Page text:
Any ‘Brexit bounce’ in manufacturing could be stalled by a lack of suitable stock in the North East industrial market, according to Cushman & Wakefield.

The property services firm warned that an acute shortage of stock following a record year of take-up, in which over six million sq ft of industrial space was let, could have a detrimental effect if the manufacturing sector sees an upturn following a favourable Brexit solution.

The findings were presented at Cushman & Wakefield’s annual Property Outlook event for the Commercial Property Market for 2019 and beyond held at the Tyneside Cinema in Newcastle.

Richard Turner, Partner and Head of Investment at Cushman & Wakefield in Newcastle said: “Following Amazon’s letting of 1.5 million sq ft in Darlington and 2 million sq ft in Durham for new fulfillment centres, the North East industrial market now has less space available than at any time in living memory with no grade A buildings above 50,000 sq ft. There are plenty of requirements in the market and some occupiers are being forced to look at tertiary buildings.”

The presentation also revealed that the Offices market in Newcastle is also suffering from a similar lack of grade A stock which has steadily been reducing since 2011. However, there is now a tangible development pipeline.

He said: “L&G’s The Lumen at Newcastle Helix is now coming out of the ground and we predict there could be three office pre-lets in the city this year. The Offices market will be subdued this year due to wider economic and political uncertainty and there’s also a trough in the number of lease expiries and breaks in 2019. This should nearly double next year which should free up the market.”

Richard Turner continued: “Elsewhere in the region we are seeing proactive Councils driving forward the first speculative office developments in Middlesbrough, Sunderland and Darlington for decades. This is only possible because Councils are now seeing it as part of the wider regeneration of town and city centres and are sponsoring developments through long-term lease wrappers or developing directly or in a joint venture.”

In the investment market, investors are focusing their attentions on ‘Beds (hotels, build to rent, student accommodation) Sheds and Alternatives’, with retail heavily out of favour.

There were also presentations from Patrick Scanlon, Head of UK Offices Insight at Cushman & Wakefield who discussed ‘Opportunities Amidst Uncertainty’. He highlighted that despite concerns over Brexit and Global trade, UK business has ‘held its nerve’.

Patrick Scanlon said: “The impact of Brexit on UK financial services and real estate has been over-stated with fewer firms relocating staff into EU countries than had been forecast. The threat of trade wars and protectionism is likely to have a far greater impact on the real estate sector, although Brexit may cause short-term disruption.”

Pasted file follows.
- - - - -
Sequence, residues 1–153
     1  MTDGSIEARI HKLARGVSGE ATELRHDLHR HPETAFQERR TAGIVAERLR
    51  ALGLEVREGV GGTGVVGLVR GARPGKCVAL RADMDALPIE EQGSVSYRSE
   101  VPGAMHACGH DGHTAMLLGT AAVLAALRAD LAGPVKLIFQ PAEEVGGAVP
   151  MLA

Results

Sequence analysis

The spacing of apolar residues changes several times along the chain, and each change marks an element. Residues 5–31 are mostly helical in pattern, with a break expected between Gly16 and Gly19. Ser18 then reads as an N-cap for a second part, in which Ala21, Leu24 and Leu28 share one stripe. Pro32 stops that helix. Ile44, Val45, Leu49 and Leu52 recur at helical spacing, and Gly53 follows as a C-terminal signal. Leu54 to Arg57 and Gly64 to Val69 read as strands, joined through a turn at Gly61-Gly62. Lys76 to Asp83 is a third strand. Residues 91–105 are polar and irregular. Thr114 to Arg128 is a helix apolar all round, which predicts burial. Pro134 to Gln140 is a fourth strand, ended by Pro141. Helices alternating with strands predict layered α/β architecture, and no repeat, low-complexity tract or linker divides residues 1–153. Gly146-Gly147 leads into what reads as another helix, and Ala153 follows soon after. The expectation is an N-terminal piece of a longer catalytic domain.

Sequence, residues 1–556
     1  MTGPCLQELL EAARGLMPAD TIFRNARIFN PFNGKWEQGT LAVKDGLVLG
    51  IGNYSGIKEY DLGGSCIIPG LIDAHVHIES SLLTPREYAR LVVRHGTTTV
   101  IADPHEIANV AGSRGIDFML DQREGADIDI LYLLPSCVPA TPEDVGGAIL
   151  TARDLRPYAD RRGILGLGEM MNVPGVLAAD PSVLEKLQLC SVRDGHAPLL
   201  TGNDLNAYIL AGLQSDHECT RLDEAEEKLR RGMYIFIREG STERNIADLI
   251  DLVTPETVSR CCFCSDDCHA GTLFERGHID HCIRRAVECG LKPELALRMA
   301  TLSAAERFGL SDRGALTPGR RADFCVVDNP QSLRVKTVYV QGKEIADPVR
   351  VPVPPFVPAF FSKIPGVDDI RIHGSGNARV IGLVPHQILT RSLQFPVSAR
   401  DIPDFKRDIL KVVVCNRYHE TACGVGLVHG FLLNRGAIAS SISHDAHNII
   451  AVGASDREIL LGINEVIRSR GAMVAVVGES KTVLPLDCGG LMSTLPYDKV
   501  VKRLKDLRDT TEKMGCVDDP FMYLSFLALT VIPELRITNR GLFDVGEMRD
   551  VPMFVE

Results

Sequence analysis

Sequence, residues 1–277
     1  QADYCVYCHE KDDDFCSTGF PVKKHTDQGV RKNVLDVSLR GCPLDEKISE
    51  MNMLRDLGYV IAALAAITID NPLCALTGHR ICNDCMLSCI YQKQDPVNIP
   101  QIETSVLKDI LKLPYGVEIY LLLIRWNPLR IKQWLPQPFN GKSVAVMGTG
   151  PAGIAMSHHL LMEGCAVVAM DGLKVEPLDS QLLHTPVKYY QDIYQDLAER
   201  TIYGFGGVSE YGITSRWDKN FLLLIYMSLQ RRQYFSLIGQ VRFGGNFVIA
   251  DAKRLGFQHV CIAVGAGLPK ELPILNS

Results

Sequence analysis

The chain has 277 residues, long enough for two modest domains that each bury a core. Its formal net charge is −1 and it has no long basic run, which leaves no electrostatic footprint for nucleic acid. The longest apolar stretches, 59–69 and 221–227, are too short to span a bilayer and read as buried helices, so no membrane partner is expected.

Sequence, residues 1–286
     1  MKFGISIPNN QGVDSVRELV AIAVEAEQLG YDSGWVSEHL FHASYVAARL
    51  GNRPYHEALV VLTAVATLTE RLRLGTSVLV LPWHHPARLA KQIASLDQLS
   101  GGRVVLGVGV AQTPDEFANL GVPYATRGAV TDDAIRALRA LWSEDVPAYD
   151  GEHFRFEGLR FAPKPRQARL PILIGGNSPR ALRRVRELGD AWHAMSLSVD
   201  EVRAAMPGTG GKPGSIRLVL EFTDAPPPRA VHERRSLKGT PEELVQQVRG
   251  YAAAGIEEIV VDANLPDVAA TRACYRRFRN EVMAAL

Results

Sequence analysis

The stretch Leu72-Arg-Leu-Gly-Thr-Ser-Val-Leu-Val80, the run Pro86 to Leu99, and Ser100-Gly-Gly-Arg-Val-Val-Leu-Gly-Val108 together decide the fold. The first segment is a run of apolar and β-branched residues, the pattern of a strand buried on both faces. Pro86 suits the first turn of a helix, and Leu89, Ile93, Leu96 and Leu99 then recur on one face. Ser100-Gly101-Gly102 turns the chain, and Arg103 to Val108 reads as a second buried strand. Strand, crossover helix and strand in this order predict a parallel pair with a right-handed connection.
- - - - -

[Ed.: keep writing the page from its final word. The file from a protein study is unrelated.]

He continued: “As Brexit and other sources of uncertainty dominate the headlines, we can get fixated on the ‘here and now’ but real estate is a long-term game.

“Over the coming years, there are many non-cyclical trends that will create opportunities for investors and occupiers who stay ahead of the curve. These trends will be in place regardless of global trade volumes, Brexit or any other external force.”

These opportunities include the next generation of tenants, the rise of Coworking and Alternative real estate, such as healthcare and student living, which accounted for an all-time high of 32% of regional investment volumes in 2018.

Patrick concluded: “Markets that have strong fundamentals will stay popular with core investors. Meanwhile, the more challenged parts of the market will see pricing drift until they look good value for opportunistic investors looking to redevelop and repurpose assets. There is plenty of capital looking for these opportunities.”

Richard Pickering, Cushman & Wakefield’s Head of Futures Strategy concluded by discussing the impact digitisation will have on real estate over a longer horizon. He considered the potential for activities currently carried out using real estate to be substituted by digital alternatives, and posed the question, ‘Could this mean the end of real estate?’

“In short, no,” said Richard “however, we in the industry need to treat this as a wake-up call.  The same trends we see today in retail, have the potential to bleed into other sectors. Digital business models tend to have cost and convenience advantages. This sets a challenge for real estate investors to reposition their assets and portfolios to focus on real estate’s inherent strengths, such as end-user engagement and experience. For the best innovations in this space we need to look increasingly outside of our industry, and be willing to challenge long held paradigms of the role of real estate.”